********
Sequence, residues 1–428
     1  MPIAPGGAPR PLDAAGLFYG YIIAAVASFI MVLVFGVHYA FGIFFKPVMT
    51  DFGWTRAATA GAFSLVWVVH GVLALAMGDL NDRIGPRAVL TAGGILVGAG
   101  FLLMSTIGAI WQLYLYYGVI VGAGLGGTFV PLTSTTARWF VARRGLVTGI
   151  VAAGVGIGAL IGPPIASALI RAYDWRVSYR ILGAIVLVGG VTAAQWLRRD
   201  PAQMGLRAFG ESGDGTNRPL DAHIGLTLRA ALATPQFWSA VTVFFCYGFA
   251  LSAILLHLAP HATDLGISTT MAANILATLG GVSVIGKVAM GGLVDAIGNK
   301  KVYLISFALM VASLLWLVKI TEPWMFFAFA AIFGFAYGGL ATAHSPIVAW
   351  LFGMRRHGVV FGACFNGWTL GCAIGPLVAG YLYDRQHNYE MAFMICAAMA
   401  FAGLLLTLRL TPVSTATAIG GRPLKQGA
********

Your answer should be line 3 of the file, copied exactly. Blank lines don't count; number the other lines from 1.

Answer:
    51  DFGWTRAATA GAFSLVWVVH GVLALAMGDL NDRIGPRAVL TAGGILVGAG